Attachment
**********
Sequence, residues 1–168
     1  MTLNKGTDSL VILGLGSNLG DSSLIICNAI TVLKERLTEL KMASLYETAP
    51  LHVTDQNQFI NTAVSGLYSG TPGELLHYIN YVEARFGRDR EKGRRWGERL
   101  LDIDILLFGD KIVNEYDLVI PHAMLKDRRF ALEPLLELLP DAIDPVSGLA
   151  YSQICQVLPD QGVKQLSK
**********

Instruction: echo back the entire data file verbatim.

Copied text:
Sequence, residues 1–168
     1  MTLNKGTDSL VILGLGSNLG DSSLIICNAI TVLKERLTEL KMASLYETAP
    51  LHVTDQNQFI NTAVSGLYSG TPGELLHYIN YVEARFGRDR EKGRRWGERL
   101  LDIDILLFGD KIVNEYDLVI PHAMLKDRRF ALEPLLELLP DAIDPVSGLA
   151  YSQICQVLPD QGVKQLSK